I don't know if it was exactly the same, and so what i saw may have had specially chosen constants to make things work out nicer, but I seem to recall some nonlinear system with a bunch of differences of squares that you can do some trickery of multiplying one by another, and discovering 'oh, this contains the same terms as this other equation, which we know what equals!' and that sort of thing.

Of course, there are more general sorts of methods to solve that sort of thing, but depending on the context of where you saw it, I could see how there 'might' be a clever solution one could produce by hand within a reasonable amount of time. That said though, if it's just a general problem, there may not be anything more to it than using one of those numerical methods.

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eta oin shrdlu
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Re: System of Equations with 4 variables

Postby eta oin shrdlu » Thu Oct 07, 2010 5:23 pm UTC

I don't see a very clever solution, but you can solve this exactly just using algebra. I started by rewriting the equations:[math]\begin{eqnarray*}
a-b &= c-d+1 \\
a^2+b^2 &= c^2+d^2+3 \\
a^3-b^3 &= c^3-d^3-5 \\
a^4+b^4 &= c^4+d^4+15
\end{eqnarray*}[/math]Spoilered solution outline:
Spoiler:
Square the first equation, and then subtract the second to eliminate the square terms; you end up with[math]ab-2=(c+1)(d-1)\;\;.[/math]I found it convenient to define [imath]r=c+1[/imath] and [imath]s=d-1[/imath] here, so that [imath]ab-2=rs[/imath].

You can do the same steps with the second and fourth equations, to get to[math]a^2b^2+12=(c^2+3)(d^2+3)\;\;.[/math]Substituting for [imath]ab[/imath] from the first result above, and then substituting [imath]r,s[/imath] for [imath]c,d[/imath] to make the algebra a little more compact, gets this to[math]0=r^2s-rs^2+2r^2+2s^2-4rs-8r+8s=(r-s)(r-2)(s+2)\;\;.[/math]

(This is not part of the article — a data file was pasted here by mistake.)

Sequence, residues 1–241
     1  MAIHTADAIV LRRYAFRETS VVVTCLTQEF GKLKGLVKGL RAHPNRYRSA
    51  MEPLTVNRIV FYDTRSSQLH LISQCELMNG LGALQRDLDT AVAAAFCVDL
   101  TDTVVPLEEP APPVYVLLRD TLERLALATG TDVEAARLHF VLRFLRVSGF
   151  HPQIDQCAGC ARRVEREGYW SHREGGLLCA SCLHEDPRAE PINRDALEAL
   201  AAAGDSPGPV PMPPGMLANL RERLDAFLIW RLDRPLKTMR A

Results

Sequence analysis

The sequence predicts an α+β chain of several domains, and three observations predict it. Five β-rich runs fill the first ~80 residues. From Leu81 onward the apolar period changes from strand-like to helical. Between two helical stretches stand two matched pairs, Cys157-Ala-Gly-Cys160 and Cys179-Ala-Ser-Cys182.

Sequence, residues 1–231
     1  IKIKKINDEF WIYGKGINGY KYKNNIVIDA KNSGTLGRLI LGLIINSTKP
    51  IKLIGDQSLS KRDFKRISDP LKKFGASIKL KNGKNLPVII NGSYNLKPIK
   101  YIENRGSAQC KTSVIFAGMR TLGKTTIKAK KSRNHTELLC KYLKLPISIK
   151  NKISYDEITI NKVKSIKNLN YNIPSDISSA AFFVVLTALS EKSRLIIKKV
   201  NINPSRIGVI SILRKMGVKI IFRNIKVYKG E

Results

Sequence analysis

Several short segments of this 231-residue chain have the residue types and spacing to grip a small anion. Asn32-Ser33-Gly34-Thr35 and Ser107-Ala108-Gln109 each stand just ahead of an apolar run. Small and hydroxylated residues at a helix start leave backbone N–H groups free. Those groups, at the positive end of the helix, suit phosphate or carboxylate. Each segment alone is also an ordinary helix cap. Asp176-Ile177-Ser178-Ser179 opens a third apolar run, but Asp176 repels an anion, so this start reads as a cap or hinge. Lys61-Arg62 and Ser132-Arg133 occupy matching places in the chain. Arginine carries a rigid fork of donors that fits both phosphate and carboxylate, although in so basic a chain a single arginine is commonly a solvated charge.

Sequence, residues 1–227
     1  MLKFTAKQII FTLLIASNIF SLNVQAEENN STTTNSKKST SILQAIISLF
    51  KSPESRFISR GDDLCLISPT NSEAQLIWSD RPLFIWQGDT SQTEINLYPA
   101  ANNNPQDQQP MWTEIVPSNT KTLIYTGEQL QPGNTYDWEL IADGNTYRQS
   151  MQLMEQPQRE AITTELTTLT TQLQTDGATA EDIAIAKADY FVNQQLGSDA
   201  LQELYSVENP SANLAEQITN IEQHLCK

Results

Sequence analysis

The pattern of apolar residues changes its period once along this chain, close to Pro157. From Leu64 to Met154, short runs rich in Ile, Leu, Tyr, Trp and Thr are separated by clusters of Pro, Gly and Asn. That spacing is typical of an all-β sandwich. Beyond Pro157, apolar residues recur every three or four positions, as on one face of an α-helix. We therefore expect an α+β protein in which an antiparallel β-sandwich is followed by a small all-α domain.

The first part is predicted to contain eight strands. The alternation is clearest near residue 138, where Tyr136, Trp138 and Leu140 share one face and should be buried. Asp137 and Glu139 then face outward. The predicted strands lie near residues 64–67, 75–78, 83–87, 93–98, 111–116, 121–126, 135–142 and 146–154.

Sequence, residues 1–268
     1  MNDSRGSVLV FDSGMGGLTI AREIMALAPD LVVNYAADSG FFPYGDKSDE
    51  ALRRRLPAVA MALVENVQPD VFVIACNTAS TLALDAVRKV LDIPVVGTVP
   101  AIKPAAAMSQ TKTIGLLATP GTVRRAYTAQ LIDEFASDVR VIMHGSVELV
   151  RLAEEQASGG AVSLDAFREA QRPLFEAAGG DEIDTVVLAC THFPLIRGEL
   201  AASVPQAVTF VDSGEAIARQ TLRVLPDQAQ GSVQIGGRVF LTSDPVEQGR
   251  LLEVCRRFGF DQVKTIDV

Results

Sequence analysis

Finally, you can cube the first equation and subtract the third. Substitute for [imath]a-b[/imath] and [imath]ab[/imath] to eventually get[math](r-2)(s+2)=-4\;\;;[/math]now with the second result above this gives [imath]r=s[/imath] and so [imath]r=s=0[/imath]. So [imath]c=-1[/imath] and [imath]d=+1[/imath].

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kcaze
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Re: System of Equations with 4 variables

Postby kcaze » Fri Oct 08, 2010 2:32 pm UTC

Eta, that seems extremely tedious but at least it doesn't use any techniques I'm unfamiliar with. In general, is it possible to solve any system (no matter what powers it contains) with a unique solution(s) using simple algebra manipulations?

Gorcee, I've just learned about Newton's method in calculus but all the information about generalizing it to n dimensions seems over my head. But are these root-finding algorithms what a calculator usually uses when you tell it to find the zero of a function? On my TI-83 plus, you have to specify a left bound and a right bound which I think indicates that it's doing something similar to Newton's method because you have to start relatively near the zero to work.

Ugh, is this what real analysis is? It seems ugly and tedious to me.

gorcee
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Re: System of Equations with 4 variables

Postby gorcee » Fri Oct 08, 2010 3:59 pm UTC

kcaze wrote:Eta, that seems extremely tedious but at least it doesn't use any techniques I'm unfamiliar with. In general, is it possible to solve any system (no matter what powers it contains) with a unique solution(s) using simple algebra manipulations?


In general, no. In fact, even in one variable, polynomials above degree 4 are not generally algebraically solvable (ie, there's no equivalent to the quadratic formula for anything >= 5). The proof of this lies in something called Galois theory, and is pretty advanced.

Also, not every system is guaranteed to have a solution, and if a solution exists, there is no guarantee that it is unique.

kcaze wrote:Gorcee, I've just learned about Newton's method in calculus but all the information about generalizing it to n dimensions seems over my head. But are these root-finding algorithms what a calculator usually uses when you tell it to find the zero of a function? On my TI-83 plus, you have to specify a left bound and a right bound which I think indicates that it's doing something similar to Newton's method because you have to start relatively near the zero to work.